The Samsung Galaxy Tab, the South Korean electronics giant's answer to the iPad, is coming to the United States next month at a price more expensive than the cheapest Apple tablet computer.

Samsung and US wireless carrier Verizon said Wednesday that the Galaxy Tab will go on sale in the United States on November 11 and cost 600 dollars.

Verizon Wireless is offering a monthly Internet access plan for the Galaxy Tab beginning at 20 dollars a month for one-gigabyte of data.

"This is an incredible time in mobile technology, and as a company we're excited to add the Samsung Galaxy Tab to our portfolio," Marni Walden, vice president and chief marketing officer for Verizon, said in a statement.

The Galaxy Tab, which is powered by Google's Android software, features a seven-inch (18-centimeter) touchscreen - smaller than the iPad's nearly 10-inch (25-centimeter) display - and supports Adobe's Flash video software, which is barred by Apple from running on the iPad.

The Galaxy Tab also features front- and rear-facing cameras. The iPad does not have a camera.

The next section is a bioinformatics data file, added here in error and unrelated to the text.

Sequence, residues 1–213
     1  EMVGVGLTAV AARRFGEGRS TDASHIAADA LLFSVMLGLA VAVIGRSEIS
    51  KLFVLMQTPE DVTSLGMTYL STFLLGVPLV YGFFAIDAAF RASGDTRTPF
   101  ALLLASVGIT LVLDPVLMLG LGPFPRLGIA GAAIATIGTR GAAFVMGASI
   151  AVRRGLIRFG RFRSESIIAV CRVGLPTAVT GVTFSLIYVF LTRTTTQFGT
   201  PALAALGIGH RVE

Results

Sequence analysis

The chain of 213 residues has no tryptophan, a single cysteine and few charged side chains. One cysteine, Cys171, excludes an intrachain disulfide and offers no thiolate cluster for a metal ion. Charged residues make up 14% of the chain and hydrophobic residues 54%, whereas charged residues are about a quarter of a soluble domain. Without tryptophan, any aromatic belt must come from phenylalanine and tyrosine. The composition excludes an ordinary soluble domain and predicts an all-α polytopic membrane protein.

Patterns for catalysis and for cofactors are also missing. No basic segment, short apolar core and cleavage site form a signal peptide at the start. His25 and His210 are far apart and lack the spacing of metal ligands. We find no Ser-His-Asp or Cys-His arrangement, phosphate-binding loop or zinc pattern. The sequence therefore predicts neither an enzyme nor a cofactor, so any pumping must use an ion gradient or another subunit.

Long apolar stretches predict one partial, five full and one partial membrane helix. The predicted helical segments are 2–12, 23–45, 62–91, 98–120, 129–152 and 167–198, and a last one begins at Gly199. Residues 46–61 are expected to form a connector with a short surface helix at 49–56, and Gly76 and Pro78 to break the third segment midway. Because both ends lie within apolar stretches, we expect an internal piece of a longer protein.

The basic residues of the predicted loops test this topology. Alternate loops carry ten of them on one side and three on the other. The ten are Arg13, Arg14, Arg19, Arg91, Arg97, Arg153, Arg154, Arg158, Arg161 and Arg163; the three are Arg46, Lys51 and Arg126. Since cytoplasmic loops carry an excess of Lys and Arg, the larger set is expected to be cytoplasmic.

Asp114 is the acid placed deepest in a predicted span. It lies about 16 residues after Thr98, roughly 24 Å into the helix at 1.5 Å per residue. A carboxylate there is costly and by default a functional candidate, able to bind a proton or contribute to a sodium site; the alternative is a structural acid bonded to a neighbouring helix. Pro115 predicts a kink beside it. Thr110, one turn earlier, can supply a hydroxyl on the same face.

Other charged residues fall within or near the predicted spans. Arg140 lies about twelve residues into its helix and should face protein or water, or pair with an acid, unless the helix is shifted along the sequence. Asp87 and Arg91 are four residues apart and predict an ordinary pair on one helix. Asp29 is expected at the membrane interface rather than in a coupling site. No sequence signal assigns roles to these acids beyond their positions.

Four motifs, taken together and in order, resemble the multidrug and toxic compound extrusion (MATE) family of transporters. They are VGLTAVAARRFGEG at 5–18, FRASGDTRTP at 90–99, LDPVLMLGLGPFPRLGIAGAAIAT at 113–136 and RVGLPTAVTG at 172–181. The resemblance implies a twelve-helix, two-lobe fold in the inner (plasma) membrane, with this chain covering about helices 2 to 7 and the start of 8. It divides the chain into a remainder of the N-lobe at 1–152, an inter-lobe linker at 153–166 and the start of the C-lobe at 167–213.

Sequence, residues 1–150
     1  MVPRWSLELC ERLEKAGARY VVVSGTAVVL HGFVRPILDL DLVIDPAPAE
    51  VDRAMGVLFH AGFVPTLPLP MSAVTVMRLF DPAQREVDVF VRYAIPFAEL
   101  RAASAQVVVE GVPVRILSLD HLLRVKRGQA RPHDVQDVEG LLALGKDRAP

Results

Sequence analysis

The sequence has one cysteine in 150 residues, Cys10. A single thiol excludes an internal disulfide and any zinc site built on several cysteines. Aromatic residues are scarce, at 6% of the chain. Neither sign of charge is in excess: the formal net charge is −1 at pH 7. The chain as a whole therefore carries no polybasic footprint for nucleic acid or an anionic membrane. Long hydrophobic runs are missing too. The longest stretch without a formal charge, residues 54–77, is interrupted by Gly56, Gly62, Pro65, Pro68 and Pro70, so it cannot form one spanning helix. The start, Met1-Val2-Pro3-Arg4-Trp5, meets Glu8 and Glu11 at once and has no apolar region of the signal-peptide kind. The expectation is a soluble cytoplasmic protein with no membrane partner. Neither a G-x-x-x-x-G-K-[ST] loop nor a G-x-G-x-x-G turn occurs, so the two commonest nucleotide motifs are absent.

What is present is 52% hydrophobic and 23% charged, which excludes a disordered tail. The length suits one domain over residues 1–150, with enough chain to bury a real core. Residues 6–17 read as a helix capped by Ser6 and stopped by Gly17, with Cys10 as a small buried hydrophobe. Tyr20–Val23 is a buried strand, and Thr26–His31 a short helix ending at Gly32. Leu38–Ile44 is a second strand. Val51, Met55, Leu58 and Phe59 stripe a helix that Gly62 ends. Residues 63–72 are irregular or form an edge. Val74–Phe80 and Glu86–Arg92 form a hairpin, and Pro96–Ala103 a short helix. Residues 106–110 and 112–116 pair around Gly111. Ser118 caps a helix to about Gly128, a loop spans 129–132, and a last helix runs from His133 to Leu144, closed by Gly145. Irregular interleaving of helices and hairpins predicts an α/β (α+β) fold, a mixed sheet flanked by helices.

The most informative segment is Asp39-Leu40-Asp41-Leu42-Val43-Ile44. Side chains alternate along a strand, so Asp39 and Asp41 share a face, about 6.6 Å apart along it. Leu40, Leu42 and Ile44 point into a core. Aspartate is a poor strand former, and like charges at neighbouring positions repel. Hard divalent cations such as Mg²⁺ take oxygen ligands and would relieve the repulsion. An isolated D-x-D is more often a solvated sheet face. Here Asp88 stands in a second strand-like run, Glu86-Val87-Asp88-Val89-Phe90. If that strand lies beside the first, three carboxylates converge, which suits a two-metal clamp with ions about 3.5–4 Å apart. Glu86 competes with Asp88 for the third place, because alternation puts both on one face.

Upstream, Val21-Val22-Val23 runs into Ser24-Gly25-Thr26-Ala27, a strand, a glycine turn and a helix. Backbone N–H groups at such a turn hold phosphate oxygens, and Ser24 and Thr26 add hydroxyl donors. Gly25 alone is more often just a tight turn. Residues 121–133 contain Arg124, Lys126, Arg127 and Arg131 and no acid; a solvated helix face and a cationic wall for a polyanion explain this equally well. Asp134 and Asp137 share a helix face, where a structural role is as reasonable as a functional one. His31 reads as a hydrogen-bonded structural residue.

At 600 dollars, the Galaxy Tab is more expensive than the basic iPad, which costs 499 dollars but offers only Wi-Fi connectivity. The cheapest iPad featuring Wi-Fi and 3G connectivity costs 629 dollars.

Apple chief executive Steve Jobs slammed seven-inch tablets on Monday saying the screen was too small and the device would be "dead on arrival."

"The seven-inch tablets are tweeners, too big to compete with a smartphone and too small to compete with an iPad," Jobs said.

He suggested makers of seven-inch screens "include sandpaper so users can sand down their fingers" to be able to tap tiny onscreen keys.

Jim Balsillie, co-chief executive of Canada's Research In Motion, the maker of the Blackberry which also plans to market a seven-inch tablet computer, the Playbook, fired back at Jobs's comments on Tuesday.

"We think many customers are getting tired of being told what to think by Apple," Balsillie said in a blog post.

"For those of us who live outside of Apple's distortion field, we know that seven-inch tablets will actually be a big portion of the market," he said.

US wireless carriers AT&T, Sprint and T-Mobile are also expected to sell the Galaxy Tab, one of a number of tablet computers slated for release by global electronics companies in a bid to challenge the iPad.

Verizon is also to begin selling iPads this month featuring Wi-Fi connectivity to the Internet.

Verizon said it will offer "bundles" that pair iPads with Mobile Hotspot devices that link to the Web using the carrier's 3G wireless network.

Apple said Monday that it sold 4.2 million iPads last quarter.